For one year he was Kobe; he was the show. He was the price of admission. He was his team’s leading scorer and the offense ran through him. He played thirty one minutes, averaged seventeen points on 44% shooting and was efficient at the three, 38%. John Wall was a rookie and unable to control the pace, Gilbert Arenas was traded giving Nick Young the green light and it was all on display, his court swag and smile and lethal shooting. It was the only thing about the Washington Wizards worth paying attention to. But in the end it hardly mattered. The Wizards defense was terrible, the assists were non-existent, the shooting was horrendous. The Washington Wizards failed to make the playoffs, winning only twenty three games.
The Lakers are not asking for the moon or even for the show. Just sacrifice. Just commitment. Just desire. What they need from Nick are the basic things: his eagerness to share the ball, his commitment to defensive principles, an intense concentration. Already the coaches have complained that Nick is not attuned to details. The good teams have players that are talented. Great teams have players that are mentally prepared, disciplined and execute the game plan. It is the difference between losing by 5 or winning by 2, it is the difference between Nick in the game during critical possessions or Nick on the bench watching.
He is gifted enough offensively to silence a crowd. A pull up jumper here. A dribble hesitation there. At the elbow, a rise up and shoot. In the corner, a three and game tied. A catch and shoot, twelve points in a quarter. He can dominate with his offense. His swag on the court has become his personal statement. He exhibits fearlessness, confidence and arrogance as he refuses to hesitate when he takes an important shot but the secret about Nick Young hidden beneath his offensive excellence is there are too many times in a game when Nick is lazy, slow on defensive rotations, confused as to the situation. He is unaware if he is guarding a jump shooter who does not create or an isolation player who wants to take him off the dribble or a facilitator you can cheat off of. He is an offensive player that disengages from defense, that turns his head to leak down the floor when he is needed in the paint to scramble, rebound, fight. Often, he just does not think.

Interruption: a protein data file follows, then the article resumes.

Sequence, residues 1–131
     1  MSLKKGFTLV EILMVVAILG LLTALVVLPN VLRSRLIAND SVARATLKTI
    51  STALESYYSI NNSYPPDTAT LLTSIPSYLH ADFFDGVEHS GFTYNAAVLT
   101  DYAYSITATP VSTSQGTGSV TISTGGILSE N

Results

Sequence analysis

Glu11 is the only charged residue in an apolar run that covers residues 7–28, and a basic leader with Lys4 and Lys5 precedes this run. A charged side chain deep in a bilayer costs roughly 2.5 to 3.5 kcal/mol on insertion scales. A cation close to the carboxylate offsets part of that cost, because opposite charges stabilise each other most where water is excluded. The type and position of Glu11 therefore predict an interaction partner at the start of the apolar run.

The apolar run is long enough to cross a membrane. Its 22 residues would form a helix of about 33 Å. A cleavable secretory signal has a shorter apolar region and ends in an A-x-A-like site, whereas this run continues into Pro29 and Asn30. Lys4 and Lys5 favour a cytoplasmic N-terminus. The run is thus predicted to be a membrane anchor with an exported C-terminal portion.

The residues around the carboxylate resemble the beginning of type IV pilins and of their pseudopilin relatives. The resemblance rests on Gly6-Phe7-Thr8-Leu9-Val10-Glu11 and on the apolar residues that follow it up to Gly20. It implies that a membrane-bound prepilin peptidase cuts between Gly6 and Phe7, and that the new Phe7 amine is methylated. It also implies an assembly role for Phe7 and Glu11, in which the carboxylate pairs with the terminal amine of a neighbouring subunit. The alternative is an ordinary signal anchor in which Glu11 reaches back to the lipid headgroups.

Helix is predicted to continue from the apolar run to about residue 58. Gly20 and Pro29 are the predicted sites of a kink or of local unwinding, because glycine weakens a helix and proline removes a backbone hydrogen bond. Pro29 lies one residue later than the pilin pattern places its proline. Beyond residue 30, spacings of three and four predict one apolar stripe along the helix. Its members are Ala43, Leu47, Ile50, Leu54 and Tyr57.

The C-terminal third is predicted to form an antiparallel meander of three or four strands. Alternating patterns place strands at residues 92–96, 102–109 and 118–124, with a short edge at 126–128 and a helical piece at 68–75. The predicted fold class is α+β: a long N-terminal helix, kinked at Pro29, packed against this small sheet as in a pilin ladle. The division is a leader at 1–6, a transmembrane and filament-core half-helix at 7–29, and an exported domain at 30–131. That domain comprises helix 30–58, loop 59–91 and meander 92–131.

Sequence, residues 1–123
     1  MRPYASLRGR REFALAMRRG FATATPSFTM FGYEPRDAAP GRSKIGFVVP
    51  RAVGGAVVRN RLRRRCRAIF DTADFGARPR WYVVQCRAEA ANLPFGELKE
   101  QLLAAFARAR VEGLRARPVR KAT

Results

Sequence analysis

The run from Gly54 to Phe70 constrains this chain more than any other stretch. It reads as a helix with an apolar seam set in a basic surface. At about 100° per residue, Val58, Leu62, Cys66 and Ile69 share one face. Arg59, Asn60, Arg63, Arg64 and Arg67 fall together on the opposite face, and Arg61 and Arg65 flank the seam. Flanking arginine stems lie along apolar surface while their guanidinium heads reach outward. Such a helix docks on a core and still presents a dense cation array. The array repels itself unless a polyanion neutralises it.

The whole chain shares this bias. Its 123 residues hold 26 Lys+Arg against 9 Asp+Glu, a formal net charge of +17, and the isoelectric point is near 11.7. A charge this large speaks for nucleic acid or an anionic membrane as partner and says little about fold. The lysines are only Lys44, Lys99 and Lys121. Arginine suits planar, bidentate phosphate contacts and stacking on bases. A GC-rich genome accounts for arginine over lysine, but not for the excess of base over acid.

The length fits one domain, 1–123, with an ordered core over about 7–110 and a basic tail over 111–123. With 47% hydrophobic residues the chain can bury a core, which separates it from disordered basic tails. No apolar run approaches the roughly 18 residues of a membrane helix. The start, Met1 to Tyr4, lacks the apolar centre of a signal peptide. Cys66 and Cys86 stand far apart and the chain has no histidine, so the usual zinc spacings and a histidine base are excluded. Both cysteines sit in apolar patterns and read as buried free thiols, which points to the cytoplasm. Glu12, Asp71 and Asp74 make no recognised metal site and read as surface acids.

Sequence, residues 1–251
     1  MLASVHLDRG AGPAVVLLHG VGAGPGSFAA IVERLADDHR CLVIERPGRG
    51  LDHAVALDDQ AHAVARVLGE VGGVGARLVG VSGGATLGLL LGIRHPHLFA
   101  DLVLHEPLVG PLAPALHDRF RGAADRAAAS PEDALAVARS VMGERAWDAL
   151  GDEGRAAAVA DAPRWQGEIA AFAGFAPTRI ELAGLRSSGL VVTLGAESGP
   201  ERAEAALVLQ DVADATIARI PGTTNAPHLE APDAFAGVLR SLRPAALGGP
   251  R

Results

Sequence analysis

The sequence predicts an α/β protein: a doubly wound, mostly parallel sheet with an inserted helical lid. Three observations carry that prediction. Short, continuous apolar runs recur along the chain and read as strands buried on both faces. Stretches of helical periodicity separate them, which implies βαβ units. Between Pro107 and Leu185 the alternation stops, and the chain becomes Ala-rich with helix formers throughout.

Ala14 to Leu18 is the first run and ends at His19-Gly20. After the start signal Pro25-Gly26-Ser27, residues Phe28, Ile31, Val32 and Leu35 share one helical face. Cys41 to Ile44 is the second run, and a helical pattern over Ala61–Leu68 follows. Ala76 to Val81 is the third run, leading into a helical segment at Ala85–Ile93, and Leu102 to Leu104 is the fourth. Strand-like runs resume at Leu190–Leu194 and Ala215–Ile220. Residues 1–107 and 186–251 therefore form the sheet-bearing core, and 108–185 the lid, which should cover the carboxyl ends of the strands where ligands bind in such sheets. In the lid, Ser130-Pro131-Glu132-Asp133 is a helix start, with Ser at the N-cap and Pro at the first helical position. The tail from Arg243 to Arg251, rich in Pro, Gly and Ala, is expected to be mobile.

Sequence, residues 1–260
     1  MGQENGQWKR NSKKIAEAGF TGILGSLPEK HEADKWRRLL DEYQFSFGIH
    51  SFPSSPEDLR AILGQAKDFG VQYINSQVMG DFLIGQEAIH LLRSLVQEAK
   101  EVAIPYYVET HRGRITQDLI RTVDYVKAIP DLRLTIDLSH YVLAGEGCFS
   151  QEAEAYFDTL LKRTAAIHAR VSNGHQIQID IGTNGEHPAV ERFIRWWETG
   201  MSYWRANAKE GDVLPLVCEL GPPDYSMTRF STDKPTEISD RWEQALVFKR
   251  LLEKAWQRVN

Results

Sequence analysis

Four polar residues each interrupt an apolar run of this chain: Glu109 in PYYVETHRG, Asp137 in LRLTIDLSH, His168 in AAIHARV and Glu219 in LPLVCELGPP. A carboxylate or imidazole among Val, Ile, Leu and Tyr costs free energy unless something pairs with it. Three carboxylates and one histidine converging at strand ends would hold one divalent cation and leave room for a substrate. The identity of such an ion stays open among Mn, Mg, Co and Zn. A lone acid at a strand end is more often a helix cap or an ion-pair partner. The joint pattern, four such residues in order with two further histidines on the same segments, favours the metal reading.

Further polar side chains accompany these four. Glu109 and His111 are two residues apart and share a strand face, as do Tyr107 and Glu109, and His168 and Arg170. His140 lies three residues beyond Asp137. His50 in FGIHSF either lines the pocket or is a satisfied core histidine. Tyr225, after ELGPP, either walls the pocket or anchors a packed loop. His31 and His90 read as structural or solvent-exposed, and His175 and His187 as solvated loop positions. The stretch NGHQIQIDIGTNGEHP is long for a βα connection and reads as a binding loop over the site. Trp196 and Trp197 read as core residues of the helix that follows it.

There are reasons beyond talent why stars are stars. Their careers are built upon the ethic of self- sacrifice. Fear of failure or just plain fear, they are in the arena two hours before game time putting up shots, intent on self-correction because they hate mistakes. It is purely mental what separates them from the rest of the league, a mind game, the ability to keep their composure when things look bleak, when they are down by twenty on the road, or when they are up by two and a call goes against them. Nick is not a star but he is a good player at times. He wears his emotions all over his face which is refreshing in such an impersonal world. But there are times when his emotions overwhelm his logic.
There is a theory that we repeat the same behavior over and again until we get right what needs to be changed, until we accept the truth of who we are. That is what this year is about for Nick Young. It is a proving ground, a truth serum. If he is changed as a talent, if he is improved as a player, there needs to be results. He is in his basketball prime and last year was truly terrible. Complicating matters, Nick is playing in front of his family and his friends. It is a magnetic pull to be sure, the prodigal son returning home, still, it is not without its own unique pressures.
When Kobe was drafted Nick was eleven years old; he does not know the Lakers without him. Nick is part of the circle now, a future recipient of Kobe’s relentlessness and drive, the death stare, the perfectionism, the whole nine yards and the best of Kobe, too, the Kobe who teaches and is constantly instructing. It’s been years since his USC days when Nick stole Kobe’s sleeve to wear in a Pac-10 tournament game, just because. Nick can ask for things now. He has come that far. If the preseason games are any indication of how he fits into this puzzle Nick should be the starting small forward this year. He is an additional creator, a scorer that has to be paid attention to, a fearless player who can go inside and outside. It is the small things though that matter here. Playing defense with his feet, not his hands. Getting in the paint to team rebound. Hawking an opposing player with his size and length. Contesting shots. Passing the ball to an open teammate. That is the Nick Young the Lakers need. That is the Nick Young the Lakers are counting on.